Showcase, don’t shun, economics of climate at G20
— Dr. David Suzuki is a Canadian scientist, broadcaster, author, and co-founder of the David Suzuki Foundation. Any views expressed here are his own. —
For the past two years, the global economy has been at the top of peoples’ minds. And so has the environment.
Indeed, most people probably care about both. The fact is these two issues are inextricably linked. As we’ve seen after the economic meltdown, we tend to focus on them as if they are separate.
On the heels of the U.N. Conference on Climate Change last December in Copenhagen, climate change remains a major concern and now often dominates meetings of international heads of state, including the G8 and G20 summits.
This G20 Summit in Toronto would be the perfect time to address climate change policy given that Canada might be the industrialized country most at risk of climate change. However, our prime minister is not up to that task. Stephen Harper’s desire to deal with anything but climate change at the G8/G20 meeting is palpable. This Canadian government has consistently treated climate change like a minor but persistent sideshow rather than an issue warranting urgent international diplomacy.
With the urgent need to establish meaningful climate policies being pressed by many leaders heading into the G8/G20 – even in the face of a fragile global economy– Canada’s government needs to take a fresh look at the debate around the economy and climate change.
For years, the scientific evidence of human-induced climate change has been compelling. Each year we are surprised at the speed with which nature responds to small thermal changes. The impending consequences of climate change loom as the greatest challenge that has ever confronted humankind and it’s all of our own making.
We are a northern nation and for two decades, the Inuit indigenous people of Arctic Canada have been telling us they can see the effects and are urging action. With the longest marine coastline of any country, Canada’s coasts will be transformed by sea level rise from both thermal expansion and ice sheet melt. Our economy remains heavily dependent on climate-sensitive sectors like agriculture, forestry, fisheries and tourism. And as a wealthy nation, our action (or inaction) serves as a model for the developing world.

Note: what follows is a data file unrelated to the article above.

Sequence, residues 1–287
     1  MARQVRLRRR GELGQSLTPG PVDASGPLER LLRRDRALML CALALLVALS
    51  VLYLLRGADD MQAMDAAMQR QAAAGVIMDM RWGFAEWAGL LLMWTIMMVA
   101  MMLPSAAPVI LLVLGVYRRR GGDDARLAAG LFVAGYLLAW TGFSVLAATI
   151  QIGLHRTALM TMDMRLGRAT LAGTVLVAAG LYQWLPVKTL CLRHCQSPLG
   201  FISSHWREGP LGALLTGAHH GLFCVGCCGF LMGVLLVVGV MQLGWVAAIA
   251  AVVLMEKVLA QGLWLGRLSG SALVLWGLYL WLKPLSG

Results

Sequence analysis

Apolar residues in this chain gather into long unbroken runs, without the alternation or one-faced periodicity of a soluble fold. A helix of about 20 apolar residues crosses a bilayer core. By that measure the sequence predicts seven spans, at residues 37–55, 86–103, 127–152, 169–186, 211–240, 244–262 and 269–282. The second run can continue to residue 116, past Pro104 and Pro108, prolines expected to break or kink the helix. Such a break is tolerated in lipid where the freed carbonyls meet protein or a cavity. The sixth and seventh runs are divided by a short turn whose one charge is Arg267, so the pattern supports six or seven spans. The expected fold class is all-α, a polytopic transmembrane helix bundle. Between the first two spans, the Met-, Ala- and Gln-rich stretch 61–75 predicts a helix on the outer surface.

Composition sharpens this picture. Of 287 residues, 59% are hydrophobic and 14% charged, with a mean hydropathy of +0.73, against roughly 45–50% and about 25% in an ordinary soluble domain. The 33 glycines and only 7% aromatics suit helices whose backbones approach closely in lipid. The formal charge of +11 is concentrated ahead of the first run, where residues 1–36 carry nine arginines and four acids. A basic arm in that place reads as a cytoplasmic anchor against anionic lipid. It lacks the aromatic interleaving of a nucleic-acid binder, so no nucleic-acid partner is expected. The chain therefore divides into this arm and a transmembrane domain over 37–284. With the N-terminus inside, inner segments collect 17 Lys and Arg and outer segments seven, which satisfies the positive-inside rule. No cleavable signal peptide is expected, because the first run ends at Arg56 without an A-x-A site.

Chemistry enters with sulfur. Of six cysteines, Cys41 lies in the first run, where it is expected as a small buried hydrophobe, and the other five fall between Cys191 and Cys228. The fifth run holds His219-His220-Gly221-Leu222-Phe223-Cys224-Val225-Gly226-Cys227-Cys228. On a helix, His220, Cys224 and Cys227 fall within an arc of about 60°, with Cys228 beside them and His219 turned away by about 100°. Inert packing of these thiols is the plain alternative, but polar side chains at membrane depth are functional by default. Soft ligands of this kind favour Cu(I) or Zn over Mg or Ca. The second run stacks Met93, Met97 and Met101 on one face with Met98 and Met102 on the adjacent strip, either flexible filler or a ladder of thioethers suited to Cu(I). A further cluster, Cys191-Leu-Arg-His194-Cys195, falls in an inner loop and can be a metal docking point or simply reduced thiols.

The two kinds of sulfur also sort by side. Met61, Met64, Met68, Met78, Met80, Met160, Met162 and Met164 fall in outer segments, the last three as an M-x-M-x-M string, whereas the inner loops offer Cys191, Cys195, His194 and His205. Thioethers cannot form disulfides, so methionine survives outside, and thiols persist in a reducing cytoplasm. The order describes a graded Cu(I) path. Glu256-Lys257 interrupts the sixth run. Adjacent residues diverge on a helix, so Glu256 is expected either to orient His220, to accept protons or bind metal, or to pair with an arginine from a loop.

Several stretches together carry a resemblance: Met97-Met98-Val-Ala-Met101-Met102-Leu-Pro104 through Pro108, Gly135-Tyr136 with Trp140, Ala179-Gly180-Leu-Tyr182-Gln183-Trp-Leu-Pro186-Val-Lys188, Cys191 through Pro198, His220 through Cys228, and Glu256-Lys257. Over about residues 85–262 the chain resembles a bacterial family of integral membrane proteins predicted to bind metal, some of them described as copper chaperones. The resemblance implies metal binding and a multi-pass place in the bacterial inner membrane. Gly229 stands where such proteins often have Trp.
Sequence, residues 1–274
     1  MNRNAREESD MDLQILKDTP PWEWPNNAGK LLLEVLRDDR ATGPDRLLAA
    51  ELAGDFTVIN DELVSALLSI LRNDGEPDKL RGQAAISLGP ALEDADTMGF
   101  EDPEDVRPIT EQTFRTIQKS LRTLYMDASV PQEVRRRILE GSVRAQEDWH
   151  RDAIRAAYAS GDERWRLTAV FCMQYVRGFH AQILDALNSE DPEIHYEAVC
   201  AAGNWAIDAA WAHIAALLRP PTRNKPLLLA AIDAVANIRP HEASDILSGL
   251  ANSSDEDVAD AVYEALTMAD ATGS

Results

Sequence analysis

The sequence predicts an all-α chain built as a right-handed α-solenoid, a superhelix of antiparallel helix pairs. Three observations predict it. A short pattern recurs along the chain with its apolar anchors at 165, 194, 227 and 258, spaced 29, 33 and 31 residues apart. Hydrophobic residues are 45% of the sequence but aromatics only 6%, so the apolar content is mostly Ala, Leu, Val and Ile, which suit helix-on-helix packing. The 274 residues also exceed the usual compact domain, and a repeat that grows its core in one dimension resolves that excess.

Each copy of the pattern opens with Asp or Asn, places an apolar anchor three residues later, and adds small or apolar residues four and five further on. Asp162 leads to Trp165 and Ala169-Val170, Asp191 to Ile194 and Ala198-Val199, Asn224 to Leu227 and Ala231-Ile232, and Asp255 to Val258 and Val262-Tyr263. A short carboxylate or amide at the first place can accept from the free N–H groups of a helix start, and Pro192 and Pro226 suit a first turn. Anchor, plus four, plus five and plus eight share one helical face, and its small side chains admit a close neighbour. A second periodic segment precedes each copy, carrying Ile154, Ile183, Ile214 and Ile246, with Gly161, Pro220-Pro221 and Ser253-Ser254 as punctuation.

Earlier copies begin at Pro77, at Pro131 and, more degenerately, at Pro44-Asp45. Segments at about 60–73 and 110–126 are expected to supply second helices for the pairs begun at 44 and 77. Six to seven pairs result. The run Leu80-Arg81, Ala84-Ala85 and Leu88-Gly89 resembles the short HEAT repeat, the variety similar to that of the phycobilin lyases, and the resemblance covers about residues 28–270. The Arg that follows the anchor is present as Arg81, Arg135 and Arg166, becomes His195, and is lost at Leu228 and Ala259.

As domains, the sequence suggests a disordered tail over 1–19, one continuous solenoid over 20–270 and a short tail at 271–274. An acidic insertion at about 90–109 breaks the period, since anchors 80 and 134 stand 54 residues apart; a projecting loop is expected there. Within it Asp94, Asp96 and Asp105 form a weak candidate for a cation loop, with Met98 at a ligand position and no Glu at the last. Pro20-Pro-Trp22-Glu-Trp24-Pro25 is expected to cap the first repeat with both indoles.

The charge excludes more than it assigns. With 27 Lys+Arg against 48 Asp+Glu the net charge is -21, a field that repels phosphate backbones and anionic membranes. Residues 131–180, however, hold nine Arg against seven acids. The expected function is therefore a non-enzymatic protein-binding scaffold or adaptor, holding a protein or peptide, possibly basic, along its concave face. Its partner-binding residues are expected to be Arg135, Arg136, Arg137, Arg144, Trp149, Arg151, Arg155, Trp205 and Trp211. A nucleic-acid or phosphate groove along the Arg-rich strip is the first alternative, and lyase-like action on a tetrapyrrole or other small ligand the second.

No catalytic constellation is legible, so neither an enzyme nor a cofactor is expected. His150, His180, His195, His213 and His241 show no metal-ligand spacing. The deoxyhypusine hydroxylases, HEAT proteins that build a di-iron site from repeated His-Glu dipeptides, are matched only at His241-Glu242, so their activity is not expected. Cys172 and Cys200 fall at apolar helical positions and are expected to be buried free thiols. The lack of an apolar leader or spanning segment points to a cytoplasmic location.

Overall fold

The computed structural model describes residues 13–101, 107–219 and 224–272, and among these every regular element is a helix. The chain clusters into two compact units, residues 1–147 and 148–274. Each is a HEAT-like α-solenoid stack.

Historically, governments have been like penguins about to leap into the ocean, waiting till others take the first plunge for fear of predators. So we are reticent to take even the first steps to meaningfully address climate change. On one level this is quite understandable. The perception among politicians, fed by the PR pronouncements of the fossil fuel industry, is that meaningful action to combat climate change involves huge risks – economic, social, and, of course, political. What’s more, the payoff comes only later – long after the politicians who took decisive action are no longer in office.
Contrary to the received wisdom in Canada, most projections paint a very positive picture for economic growth and job creation for jurisdictions that do choose to address climate change in a meaningful way.
For instance, by putting a price on carbon emissions, Canada’s economy would grow aggressively well into the double digits nationally and in every province over the next 10 years even if our biggest trading partners do not match the price Canada sets.
The reasons for this positive outcome are fairly straightforward. Less than one-third of Canada’s economy is composed of carbon intensive industries such as the auto and aerospace manufacturing sectors. Even Alberta and Saskatchewan, Canada’s two most carbon-intensive provincial economies, would fare very well under an aggressive climate policy. Our study shoes that Alberta’s growth would still remain by far the strongest in the country.
Job creation would continue at a pace of 11 percent, which is the current national job growth rate. Jobs would not be lost because there would be a substantial cut in the personal income tax rate funded by the revenue from a carbon price. Moreover, the large-scale introduction of green technologies which, as other G20 nations recognize, creates jobs.
Critics and the Canadian government point to a tiny short-term slowdown in the rate of GDP growth, which would accompany the decarbonization of the economy, as the basis for rejecting climate change.
If the international heads of state assembled in Toronto this weekend for the Group of 20 nations summit could have a conversation with their great grandchildren at the end of this century, they would surely tell them that shaving a fraction off the rate of short-term GDP growth is a mere pittance to pay in return for what will be gained by addressing climate change once and for all.
Photo shows a woman holding a sign during a demonstration for indigenous sovereignty ahead of the G8 and G20 summits in downtown Toronto, June 24, 2010. REUTERS/Mike Segar